Stretching and Strengthening

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Information about Stretching and Strengthening
Education

Published on April 17, 2008

Author: Hillary

Source: authorstream.com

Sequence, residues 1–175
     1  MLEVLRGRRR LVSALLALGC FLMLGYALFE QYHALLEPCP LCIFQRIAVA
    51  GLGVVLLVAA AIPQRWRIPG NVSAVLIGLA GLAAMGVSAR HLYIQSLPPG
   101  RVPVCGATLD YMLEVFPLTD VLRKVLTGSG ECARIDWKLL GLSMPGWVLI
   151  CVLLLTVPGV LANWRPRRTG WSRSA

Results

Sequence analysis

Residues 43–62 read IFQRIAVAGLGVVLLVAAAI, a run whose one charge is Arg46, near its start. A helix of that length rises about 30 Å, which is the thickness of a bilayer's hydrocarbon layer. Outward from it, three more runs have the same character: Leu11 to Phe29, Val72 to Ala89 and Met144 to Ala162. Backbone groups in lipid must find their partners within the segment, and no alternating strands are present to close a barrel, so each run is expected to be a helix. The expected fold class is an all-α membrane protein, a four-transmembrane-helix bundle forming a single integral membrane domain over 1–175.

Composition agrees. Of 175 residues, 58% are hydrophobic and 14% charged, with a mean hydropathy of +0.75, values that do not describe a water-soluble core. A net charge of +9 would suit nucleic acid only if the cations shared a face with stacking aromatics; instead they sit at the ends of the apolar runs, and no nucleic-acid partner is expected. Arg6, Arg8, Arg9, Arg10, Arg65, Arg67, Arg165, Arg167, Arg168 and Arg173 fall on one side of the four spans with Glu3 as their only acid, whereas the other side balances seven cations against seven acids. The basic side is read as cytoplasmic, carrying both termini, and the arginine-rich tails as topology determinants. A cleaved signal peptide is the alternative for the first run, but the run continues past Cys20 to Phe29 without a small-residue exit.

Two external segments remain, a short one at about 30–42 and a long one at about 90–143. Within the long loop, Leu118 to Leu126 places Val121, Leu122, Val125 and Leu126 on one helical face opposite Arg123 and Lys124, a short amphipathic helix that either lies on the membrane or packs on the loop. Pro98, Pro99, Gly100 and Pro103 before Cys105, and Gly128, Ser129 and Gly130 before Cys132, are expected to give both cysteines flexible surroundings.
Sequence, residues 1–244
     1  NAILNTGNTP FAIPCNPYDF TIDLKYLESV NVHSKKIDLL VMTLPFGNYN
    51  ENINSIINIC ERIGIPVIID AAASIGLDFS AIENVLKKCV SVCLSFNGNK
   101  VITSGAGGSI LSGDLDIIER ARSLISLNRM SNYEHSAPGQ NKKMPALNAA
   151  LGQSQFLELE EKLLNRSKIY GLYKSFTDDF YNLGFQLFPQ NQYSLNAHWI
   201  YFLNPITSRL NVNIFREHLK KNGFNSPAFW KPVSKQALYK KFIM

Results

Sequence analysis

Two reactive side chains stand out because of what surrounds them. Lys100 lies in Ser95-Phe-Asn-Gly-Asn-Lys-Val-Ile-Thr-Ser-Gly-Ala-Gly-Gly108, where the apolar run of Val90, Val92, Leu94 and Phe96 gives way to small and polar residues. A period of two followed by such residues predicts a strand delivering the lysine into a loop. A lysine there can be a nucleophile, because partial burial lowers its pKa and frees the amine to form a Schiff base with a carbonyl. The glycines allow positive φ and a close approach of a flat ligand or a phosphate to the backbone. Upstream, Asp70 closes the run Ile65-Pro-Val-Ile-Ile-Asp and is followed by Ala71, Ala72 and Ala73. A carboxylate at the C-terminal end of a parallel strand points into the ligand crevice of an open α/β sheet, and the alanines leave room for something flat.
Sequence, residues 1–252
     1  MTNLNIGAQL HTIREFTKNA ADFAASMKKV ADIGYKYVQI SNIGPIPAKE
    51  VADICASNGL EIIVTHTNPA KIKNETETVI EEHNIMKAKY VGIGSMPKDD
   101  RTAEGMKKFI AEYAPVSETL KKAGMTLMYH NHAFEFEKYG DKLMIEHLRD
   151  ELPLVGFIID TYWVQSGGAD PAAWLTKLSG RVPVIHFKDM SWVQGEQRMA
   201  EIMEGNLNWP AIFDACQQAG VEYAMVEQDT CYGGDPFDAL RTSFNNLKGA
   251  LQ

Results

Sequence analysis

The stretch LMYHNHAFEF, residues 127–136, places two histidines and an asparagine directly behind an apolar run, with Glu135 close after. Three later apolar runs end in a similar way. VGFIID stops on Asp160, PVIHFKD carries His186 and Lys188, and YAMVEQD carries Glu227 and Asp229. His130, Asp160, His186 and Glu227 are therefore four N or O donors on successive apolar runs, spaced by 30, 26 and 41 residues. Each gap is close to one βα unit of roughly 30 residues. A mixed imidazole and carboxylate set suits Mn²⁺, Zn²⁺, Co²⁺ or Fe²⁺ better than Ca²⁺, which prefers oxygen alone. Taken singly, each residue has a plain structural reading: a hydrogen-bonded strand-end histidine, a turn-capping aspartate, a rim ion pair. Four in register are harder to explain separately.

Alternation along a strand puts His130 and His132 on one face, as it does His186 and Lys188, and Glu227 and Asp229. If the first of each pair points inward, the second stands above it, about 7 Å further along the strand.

VT Run-Walk Clinic Stretching and Strengthening Jamie Meyer M.S., C.S.C.S. Virginia Tech Strength and Conditioning Coordinator for Olympic Sports :  VT Run-Walk Clinic Stretching and Strengthening Jamie Meyer M.S., C.S.C.S. Virginia Tech Strength and Conditioning Coordinator for Olympic Sports Stretching Precautions:  Stretching Precautions Please consult with a doctor before starting a strengthening and flexibility routine if A bone blocks motion You recently fractured a bone Suspect or know of inflammation or infectious process in or around a joint You have osteoporosis You experience sharp, acute pain with joint movement or muscle elongation You’ve had a recent sprain or strain Your joint lacks stability You suffer from certain vascular or skin diseases You experience a loss of function or decrease in range of motion When should I stretch?:  When should I stretch? Before a workout Stretching before a workout improves performance by increasing the available range of motion and improving functional abilities. Stretching decreases the likelihood of injuries, particularly large muscle strains, by increasing the elasticity of muscles and tendons. When should I stretch? :  When should I stretch? Following a workout or race Post workout stretching facilitates range of motion improvements because of increased muscle temperature. Stretching should be done 5 to 10 minutes after a workout The increased body temperature increases the elastic properties of collagen within the muscles and tendons, which allows greater stretch magnitude. Some studies have shown that post workout stretching may decrease muscle soreness. How long should I stretch?:  How long should I stretch? Optimal stretching duration is 30-45 seconds 2-3 times per large muscle group For practical prescription each stretch should be held for a minimum of 10 seconds to 30 seconds 6 Tips for Effective Stretching:  6 Tips for Effective Stretching Prior to stretching perform a 3-5 minute warm-up Before you initiate a stretch inhale and as you move through your range of motion exhale Move to the point in the range of motion where you experience a sensation of mild discomfort Stretches should be held 10-30 seconds Maintain a neutral back positioning through the entire range of motion Unilateral stretches should be repeated on each side The Importance of Stretching Your Hip and Thigh:  The Importance of Stretching Your Hip and Thigh Tightness in the back of the thigh, or hamstring muscle, may limit how far you can swing your leg forward during your stride Tightness in the front of the thigh (quadriceps muscle) or front of the hip muscles (illiacus/psoas) could limit the backward striding motion Stretches for Your Hip and Thigh:  Stretches for Your Hip and Thigh Standing Hip Stretch Place your left foot on top of a bench or other stable resting place. Bring your chest to left knee. Stretch should be felt in the front portion of the right hip. If you do not feel this stretch, position your right foot further away from the bench. Repeat on other leg. Stretches for Your Hip and Thigh:  Stretches for Your Hip and Thigh Standing Hamstring Stretch Stand with the leg to be stretched elevated on a sturdy bench of comfortable height, knee straight. Opposite foot should point straight ahead. Slowly bend forward from hips, keeping your back straight unitil felt behind the knee of the leg on the table Stretches for Your Hip and Thigh:  Stretches for Your Hip and Thigh Quadriceps Stretch Stand close to a wall or chair for support with the leg to be stretched behind you. Hold the foot of the leg to be stretched with your hand, gently pulling the heel toward the buttock until a stretch is felt in the front of the thigh. Keep back in an a neutral position and point knee straight down to ground The Importance of Stretching Your Calf:  The Importance of Stretching Your Calf Calf flexibility plays an important role in maintaining proper walking and running form. Calf tightness and loss of ankle mobility may contribute to problems such as shin splints, overpronation (flat feet), plantar fascitis (heel pain) hip or knee pain Stretches for Your Calves:  Stretches for Your Calves Standing Calf Stretch Stand in front of a wall with the leg to be stretched straight behind you. Have your rear foot facing straight ahead, keep arch in foot, keep knee cap aligned with the second toe. Slowly move your hips forward, keeping back in neutral position working through your range of motion until a stretch is felt in back of calf Remember that the stretch should be felt in your extended leg Make sure you are actively pushing your heel into the ground Advanced Stretches:  Advanced Stretches Virtually all stretches present some risk The possibility of an injury depends on numerous variables, including an athlete’s state of training, age, previous injuries, structural abnormalities, fatigue, and technique. The following exercises are advanced, meaning they may be too advanced or dangerous for inactive and moderately active individuals and even for some serious or elite athletes as well. These exercises should be performed only if they are considered essential to your activity Advanced Stretches:  Advanced Stretches Traditional Hurdler’s Stretch Strains the medial ligament of the knee May cause knee instability Twists and compresses the knee-cap, which can cause the kneecap to side-slip Straight-Leg Stand and Toe Touch Stresses the medial aspect of the knees Forces the knee to hyperextend Places greater pressure on the lumbar spine Guidelines of Strength Training for the Walker/Runner:  Guidelines of Strength Training for the Walker/Runner Focus on the prime movers Quadriceps Hamstrings Calves Prevent Muscle Imbalances If the vastus laterals (a part of the quadriceps muscle) is overly developed relative to the vastus medials (the part of the quadricep that is colse to the knee a knee injury injury know as chrondromalacia patella is likely Guidelines of Strength Training for the Walker/Runner:  Guidelines of Strength Training for the Walker/Runner Use Multi-joint exercises whenever possible Biceps curl is a single joint excerise (bodybuilders) Squats are an example of a multi-joint exercise Three joints Hip, Knee, and Ankle Guidelines of Strength Training for the Walker/Runner:  Guidelines of Strength Training for the Walker/Runner Mimic the positions and movements of the sport Position your hands and feet so that they are in similar position to walking or running Add resistance to a segment of your stride to improve on weaknesses Guidelines of Strength Training for the Walker/Runner:  Guidelines of Strength Training for the Walker/Runner CORE CORE CORE A strong core helps keep the pelvis in a neutral position late in a workout or race If the abdominals fatigue the front of the pelvis sags and the butt protrudes, thus shortening the stride Guidelines of Strength Training for the Walker/Runner:  Guidelines of Strength Training for the Walker/Runner Keep the number of exercises low In order to improve on specific movements and muscles try to focus on sets rather than the number of exercises performed Guidelines of Strength Training for the Walker/Runner:  Guidelines of Strength Training for the Walker/Runner PERIODIZE YOUR TRAINING Anatomical Adaptation “Prep Period” Prepare muscles and tendons for greater loads More exercises are done here than in any other phase Guidelines of Strength Training for the Walker/Runner:  Guidelines of Strength Training for the Walker/Runner Maximum Strength Main purpose is to force generation Resistance increases as repetitions decrease Start with a conservative load and gradually increase Power Endurance Develop the ability to quickly recruit fibers and sustain their high power output Explosive movements Strength Maintanence Goal is to maintain the strength gained from the previous phase If strength training is not performed a gradual loss of strength will occur Strength Training Periodization Breakdown:  Strength Training Periodization Breakdown Anatomical Adaptation Phase Duration 4 Weeks Sessions per weeks 2-3 Load (%1RM) 40-60 Sets 3-5 Reps 15-25 Speed of lift average Focus on skill development of lifting techniques Recovery 30-90 sec Maximum Strength Phase Duration 4 Weeks Sessions per weeks 2-3 Load (%1RM) 85-95 Reps 3-8 Sets 3-6 Speed of lift average Focus on good form, quality movements Recovery 2-4 Min Slide23:  Power Endurance Phase Duration 4 Weeks Sessions per weeks 2 Load (%1RM) 50-65 Sets 2-3 Reps 8-15 Speed of lift FAST Recovery 3-5 MIN Muscular Endurance Phase Duration 4-6 Weeks Sessions per weeks 2 Load (%1RM) 30-50 Sets 1-3 Reps 20+ Speed of lift FAST Recovery 1-2 MIN Strength Training Periodization Breakdown